The Penguins could look at the sweep they endured in Round 1 of the Stanley Cup playoffs this spring a couple of ways.
They could view being jettisoned from the postseason in four games by the Islanders as a bitter embarrassment that left indelible bruises on their collective psyche.
Or they could see it as a humbling comeuppance that exposed them as an underachieving group that had lost the drive that made them a Stanley Cup champion just two years earlier.
Equally attractive options, huh?
Make no mistake, Mike Sullivan remains keenly aware of all that happened -- and, in some cases, didn't happen -- during that most exasperating week in April. And that might never change.
"I'm not sure if you ever get over disappointments like that," Sullivan was telling me. "You try to figure out what you could have done differently or what you can learn from it so that you can try to take the experience and turn it into something productive, but we're all in it to win championships, and when it doesn't go the right way, all of us are disappointed."
But while the past can't be altered, it doesn't necessarily have to be repeated. Although the Penguins didn't get any victories out of that Islanders series, there were plenty of lessons in it for them that, if absorbed, could serve them well in the seasons ahead.
High on the list is recognizing that their most grievous problems were self-inflicted, the by-product of ignoring fundamental principles of Sullivan's system and the strategies that had been devised for countering New York's.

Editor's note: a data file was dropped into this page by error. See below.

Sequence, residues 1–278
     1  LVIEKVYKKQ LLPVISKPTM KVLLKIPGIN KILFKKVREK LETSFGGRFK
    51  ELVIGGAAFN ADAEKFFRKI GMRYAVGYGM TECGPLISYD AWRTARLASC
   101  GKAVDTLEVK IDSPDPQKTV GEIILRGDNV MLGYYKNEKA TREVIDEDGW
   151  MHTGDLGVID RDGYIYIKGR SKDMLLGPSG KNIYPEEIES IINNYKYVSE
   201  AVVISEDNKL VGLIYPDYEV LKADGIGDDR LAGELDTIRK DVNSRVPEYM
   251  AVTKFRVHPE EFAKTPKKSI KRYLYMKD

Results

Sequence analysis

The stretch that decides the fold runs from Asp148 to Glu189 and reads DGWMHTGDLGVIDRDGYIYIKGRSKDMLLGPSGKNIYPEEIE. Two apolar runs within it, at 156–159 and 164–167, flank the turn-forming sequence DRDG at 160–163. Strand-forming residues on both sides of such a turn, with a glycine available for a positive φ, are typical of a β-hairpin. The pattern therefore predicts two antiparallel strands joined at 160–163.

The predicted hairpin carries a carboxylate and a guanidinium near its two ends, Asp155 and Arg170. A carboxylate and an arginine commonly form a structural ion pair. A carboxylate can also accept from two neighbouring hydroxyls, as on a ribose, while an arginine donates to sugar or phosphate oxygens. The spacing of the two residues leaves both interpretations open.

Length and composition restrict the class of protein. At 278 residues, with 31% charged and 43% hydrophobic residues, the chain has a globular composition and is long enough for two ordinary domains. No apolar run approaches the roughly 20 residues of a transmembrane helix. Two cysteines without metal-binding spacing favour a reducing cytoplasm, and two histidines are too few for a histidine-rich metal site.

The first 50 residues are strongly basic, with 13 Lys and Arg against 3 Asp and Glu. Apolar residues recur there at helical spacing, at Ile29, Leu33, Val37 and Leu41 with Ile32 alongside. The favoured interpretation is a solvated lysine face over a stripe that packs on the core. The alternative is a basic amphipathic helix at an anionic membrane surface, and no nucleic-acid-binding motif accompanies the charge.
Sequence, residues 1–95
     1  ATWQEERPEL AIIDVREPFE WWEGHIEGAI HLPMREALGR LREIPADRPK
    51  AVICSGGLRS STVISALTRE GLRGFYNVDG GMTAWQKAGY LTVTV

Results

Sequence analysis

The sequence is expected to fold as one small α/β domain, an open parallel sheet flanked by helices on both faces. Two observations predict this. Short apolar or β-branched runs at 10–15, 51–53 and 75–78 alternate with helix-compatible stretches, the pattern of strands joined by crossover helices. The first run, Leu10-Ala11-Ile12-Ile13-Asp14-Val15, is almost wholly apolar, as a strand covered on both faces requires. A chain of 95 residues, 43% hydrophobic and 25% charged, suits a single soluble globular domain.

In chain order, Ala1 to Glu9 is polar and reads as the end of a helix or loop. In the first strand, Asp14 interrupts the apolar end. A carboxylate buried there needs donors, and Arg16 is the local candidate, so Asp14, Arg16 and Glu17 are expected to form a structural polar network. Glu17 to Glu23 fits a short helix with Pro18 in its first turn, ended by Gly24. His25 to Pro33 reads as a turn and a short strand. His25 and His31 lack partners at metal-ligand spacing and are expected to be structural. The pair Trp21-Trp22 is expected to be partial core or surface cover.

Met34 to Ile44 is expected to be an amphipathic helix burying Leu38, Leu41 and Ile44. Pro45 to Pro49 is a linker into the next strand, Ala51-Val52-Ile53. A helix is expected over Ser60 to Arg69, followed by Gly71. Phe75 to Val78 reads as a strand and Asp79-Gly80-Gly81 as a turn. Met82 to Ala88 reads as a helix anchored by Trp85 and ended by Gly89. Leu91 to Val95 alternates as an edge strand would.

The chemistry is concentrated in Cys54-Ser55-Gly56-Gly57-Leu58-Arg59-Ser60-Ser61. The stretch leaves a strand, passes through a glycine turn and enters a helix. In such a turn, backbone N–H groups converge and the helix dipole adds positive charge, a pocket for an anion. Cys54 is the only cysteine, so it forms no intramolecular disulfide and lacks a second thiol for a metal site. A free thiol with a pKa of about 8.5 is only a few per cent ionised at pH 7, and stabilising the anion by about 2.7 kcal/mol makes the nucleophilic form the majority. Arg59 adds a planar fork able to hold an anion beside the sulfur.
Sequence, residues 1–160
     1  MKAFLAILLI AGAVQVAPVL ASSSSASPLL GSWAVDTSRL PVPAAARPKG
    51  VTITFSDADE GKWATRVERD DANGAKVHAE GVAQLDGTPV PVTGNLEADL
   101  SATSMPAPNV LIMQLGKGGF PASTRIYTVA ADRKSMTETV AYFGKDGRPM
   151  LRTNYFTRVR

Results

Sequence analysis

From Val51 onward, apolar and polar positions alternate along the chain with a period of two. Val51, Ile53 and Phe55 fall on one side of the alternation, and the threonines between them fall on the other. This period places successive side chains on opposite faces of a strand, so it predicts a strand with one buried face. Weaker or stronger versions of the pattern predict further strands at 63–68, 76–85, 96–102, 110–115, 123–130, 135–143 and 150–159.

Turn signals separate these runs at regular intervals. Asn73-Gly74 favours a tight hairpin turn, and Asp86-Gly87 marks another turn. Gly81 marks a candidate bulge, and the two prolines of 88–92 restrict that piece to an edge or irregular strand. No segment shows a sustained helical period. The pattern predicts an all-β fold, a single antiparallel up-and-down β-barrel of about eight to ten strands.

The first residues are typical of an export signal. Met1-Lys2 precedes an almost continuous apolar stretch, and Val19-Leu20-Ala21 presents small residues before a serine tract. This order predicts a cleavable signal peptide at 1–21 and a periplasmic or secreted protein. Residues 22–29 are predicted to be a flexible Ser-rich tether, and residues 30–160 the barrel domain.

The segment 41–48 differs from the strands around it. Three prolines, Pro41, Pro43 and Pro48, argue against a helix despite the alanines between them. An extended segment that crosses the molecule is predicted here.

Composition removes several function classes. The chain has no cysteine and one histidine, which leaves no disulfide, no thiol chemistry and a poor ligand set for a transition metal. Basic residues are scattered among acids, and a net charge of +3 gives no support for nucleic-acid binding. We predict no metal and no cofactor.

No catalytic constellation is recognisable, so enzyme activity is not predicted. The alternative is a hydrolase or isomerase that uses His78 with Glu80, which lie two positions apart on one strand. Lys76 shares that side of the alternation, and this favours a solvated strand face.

"This is something we've had a lot of discussions with our players about," Sullivan said. "We've had multiple discussions as a coaching staff and a management team on how we can be better, in order to make sure we control what we can to have success. When I look at that series, reviewing some of the games, the thing I think that sticks out to me the most is, I don't think we controlled all the controllables that gave us the best chance to win.
"When I say that -- and this was something that we talked about through the whole course of the series -- there were no surprises. We knew exactly how that series was going to be played. We knew exactly how the Islanders were going to try to play against us: They were going to play a patient, disciplined game. They were going to have numbers back. They weren't going to give us odd-man rushes. That was the type of series it was going to be. We had to find a comfort level in that type of a series.
"That's not something [that] is unique to some of the game plans we've been up against in my tenure in the playoffs. We just did a better job of handling them (previously). We didn't do as good a job in that Islanders series as we could have, or should have, as a group. That, for me, is the biggest takeaway -- when you control the controllables, when you do your best as a group not to defeat yourself. And that can manifest itself in a lot of different ways, whether it's puck management or lack of discipline or not paying attention to the details that are so (significant) to the overall team game. And I think it was a combination of all those things. I know we're capable of much more. I think we all feel the same way. We just have to make sure we heed that hard lesson."
Do that, and Sullivan's players could take a big step toward avoiding a repeat of the week-long nightmare that brought their 2018-19 season to such an abrupt and unpleasant end.
Part 1: Sullivan on Phil Kessel
Part 3: More from Sullivan, tomorrow
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